Already intriguing by themselves, these artists grow in scope and stature when their contributions are juxtaposed on this release on the cassette-only Industrial Coast label.
Creating with their collaborators in mind also seems to make their work more accessible. Despite the uncompromising character of their artistry, AKSU, Il Santo Bevitore, and The Seer do not try to micromanage the listening experience. Even when their music resists easy comprehension, it remains loose and flexible.
While none of these artists will ever be classified as pop, this album recontextualises their avant-garde impulses within an immersive, psychedelic sensibility. It’s not hard to imagine listeners wanting to get into their preferred pharmacological comfort zone to savour this music.
The record assiduously avoids the sort of overt citation that saturates nostalgia culture. Yet there are echoes of previous generations that help frame the music.
That effect may have been enhanced by its slow gestation, with the pandemic providing an opportunity to tap into deeper layers of consciousness.
Once it picks up momentum, “Erg Namib”, the twenty-three-minute A-side by Brussels-based AKSU, feels like a second cousin of the stoner drone of bands like Sunn O))) and Sleep.
The three tracks by Il Santo Bevitore — I previously wrote about his fascinating solo work — and The Seer on the B-side have more of a radical post-punk sound, with nods to the spoken-word performances on the margins of New York City’s No Wave scene and the rhythm-first approach of Berlin’s Einstürzende Neubauten.
I had a chance to ask Il Santo Bevitore’s Nicola Serra and The Seer’s Conny Prantera about their portion of the album.
The value of working for the first time with another strong-willed artist came through loud and clear in their responses.
“Our recording session was super spontaneous and more like a jam than a planned process,” noted Prantera.
“Once the recording was done, I handed over most of the mixing process to Nicola, as he is truly a master. I am more comfortable as an improviser, and so this process suited me well. But it surely taught me the patience and skills it takes to go from that free-form to something much more deliberate and crafted.”
Serra enthusiastically seconded this assessment.
“Despite never playing together before, in some way the jam session felt so natural to me, almost as if I was stepping into the fascinating improvised world created by Conny.”
The liner notes for the album describe a similar process for AKSU’s Pierre Arese and Guillaume Cazalet, though they have been making music together off and on for over a decade, explaining that “Erg Namib” developed out of live sessions conducted in Brussels between 2018 and 2020.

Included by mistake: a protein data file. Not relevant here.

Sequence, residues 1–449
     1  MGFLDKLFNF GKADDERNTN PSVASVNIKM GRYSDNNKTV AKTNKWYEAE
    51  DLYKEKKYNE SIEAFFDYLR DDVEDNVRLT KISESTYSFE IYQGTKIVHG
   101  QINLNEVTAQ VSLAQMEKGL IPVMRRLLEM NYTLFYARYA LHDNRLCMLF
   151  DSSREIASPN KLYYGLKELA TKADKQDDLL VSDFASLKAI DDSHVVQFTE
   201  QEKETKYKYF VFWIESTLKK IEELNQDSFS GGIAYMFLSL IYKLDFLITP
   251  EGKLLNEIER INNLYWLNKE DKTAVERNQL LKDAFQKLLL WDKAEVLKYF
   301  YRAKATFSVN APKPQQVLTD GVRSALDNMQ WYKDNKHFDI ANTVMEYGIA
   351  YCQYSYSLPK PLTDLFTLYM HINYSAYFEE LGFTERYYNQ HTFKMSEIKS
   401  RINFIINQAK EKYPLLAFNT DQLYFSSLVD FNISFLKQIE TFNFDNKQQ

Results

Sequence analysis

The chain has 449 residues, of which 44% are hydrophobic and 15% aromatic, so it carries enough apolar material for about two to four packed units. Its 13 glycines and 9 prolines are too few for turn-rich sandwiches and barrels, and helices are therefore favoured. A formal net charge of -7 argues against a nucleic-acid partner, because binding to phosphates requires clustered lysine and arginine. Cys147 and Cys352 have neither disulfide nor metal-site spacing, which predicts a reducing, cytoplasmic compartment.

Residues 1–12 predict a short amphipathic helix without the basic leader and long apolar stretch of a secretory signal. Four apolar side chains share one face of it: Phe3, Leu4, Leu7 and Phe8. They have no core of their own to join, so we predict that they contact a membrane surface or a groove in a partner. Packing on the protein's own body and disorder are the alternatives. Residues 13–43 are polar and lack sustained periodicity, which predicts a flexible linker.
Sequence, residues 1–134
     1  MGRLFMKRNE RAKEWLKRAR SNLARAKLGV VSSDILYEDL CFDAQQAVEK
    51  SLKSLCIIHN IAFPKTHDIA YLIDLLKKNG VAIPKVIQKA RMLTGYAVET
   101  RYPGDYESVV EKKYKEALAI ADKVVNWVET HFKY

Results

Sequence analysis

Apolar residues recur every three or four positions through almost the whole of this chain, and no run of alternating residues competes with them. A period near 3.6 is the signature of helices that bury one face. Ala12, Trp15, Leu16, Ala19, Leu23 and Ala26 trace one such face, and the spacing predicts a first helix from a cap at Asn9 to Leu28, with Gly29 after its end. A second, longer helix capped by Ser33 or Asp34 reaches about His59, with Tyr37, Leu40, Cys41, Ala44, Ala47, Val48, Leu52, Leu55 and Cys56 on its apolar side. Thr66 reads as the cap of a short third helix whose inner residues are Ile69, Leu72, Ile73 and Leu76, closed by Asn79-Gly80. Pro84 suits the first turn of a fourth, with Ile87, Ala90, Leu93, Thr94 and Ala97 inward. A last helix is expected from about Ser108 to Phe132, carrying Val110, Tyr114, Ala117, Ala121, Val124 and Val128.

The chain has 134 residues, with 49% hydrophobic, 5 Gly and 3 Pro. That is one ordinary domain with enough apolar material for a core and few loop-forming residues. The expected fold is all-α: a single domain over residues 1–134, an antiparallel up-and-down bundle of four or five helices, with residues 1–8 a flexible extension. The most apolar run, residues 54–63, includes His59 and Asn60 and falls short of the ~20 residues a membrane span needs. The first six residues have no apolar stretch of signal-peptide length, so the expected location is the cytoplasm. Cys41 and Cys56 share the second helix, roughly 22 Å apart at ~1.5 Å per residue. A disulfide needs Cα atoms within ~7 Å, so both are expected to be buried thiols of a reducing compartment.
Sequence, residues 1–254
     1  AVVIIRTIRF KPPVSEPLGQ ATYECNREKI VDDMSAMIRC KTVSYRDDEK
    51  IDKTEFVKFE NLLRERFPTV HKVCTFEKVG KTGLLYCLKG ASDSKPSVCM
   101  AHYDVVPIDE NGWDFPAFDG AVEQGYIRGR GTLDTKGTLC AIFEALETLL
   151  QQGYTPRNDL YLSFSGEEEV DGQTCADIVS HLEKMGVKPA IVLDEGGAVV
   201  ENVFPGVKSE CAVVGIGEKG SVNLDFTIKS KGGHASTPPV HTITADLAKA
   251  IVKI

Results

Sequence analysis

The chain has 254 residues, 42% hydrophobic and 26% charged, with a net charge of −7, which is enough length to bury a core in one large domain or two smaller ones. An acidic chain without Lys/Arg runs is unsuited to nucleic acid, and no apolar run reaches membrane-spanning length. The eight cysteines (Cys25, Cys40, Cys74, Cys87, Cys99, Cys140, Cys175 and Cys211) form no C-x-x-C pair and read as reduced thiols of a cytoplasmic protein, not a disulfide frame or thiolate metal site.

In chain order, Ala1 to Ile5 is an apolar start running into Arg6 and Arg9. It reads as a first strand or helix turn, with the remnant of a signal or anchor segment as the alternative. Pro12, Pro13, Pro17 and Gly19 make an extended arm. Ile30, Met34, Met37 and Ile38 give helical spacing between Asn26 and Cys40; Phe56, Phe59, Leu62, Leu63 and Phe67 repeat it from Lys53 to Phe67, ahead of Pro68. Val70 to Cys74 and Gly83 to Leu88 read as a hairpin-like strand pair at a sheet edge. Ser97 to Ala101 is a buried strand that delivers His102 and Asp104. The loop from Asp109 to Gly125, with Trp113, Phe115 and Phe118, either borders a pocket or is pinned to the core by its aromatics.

Although much of AKSU’s side derives from a pre-pandemic moment, the fact that it was refined and assembled in the wake of COVID makes sense when you hear it.
The same goes for Il Santo Bevitore and The Seer’s three tracks, which took shape at that time.
“Meeting up in the middle of the pandemic, wearing masks and jamming in an unusually deserted New River Studios was very surreal,” Serra told me. “The isolation during the lockdown played, at least for me, a huge part on the vibes of the record too.”
The album communicates a yearning for community radically intensified by its abrupt foreclosure.
“I tried to preserve what we recorded together in the first place to kind of lock in that surrealistic time and place,” Serra added. “To give a narrative to it while trying, at the same time, to keep myself free to experiment with the material without setting too many boundaries.”
One of the best aspects of this kind of music-making is that collaboration proves comparatively easy. When your band consists of only two people, the expense and exhaustion of keeping a band going is less burdensome.
Even if AKSU, Il Santo Bevitore, and The Seer ended up making this record for specific historical reasons that would be hard to reproduce, the result offers inspiration for other artists as we figure out how to navigate the confusing world that emerged in the wake of the pandemic.
When I asked Prantera about the psychedelic notes I detected on all four tracks, she came up with a response that applies to the popular avant-garde these artists exemplify.
“Personally, I always see art and sound as an expression and vehicle to create and experience something otherworldly,” she declared. “I think music has this unique power to create a space that allows for transcendence and communion at the same time while being absolutely freeing and politically affirming. It’s where we dream.”
This fine album does a great job of creating a space in which dreaming feels productive and meaningful.
Photograph courtesy of Joel Schalit. All rights reserved.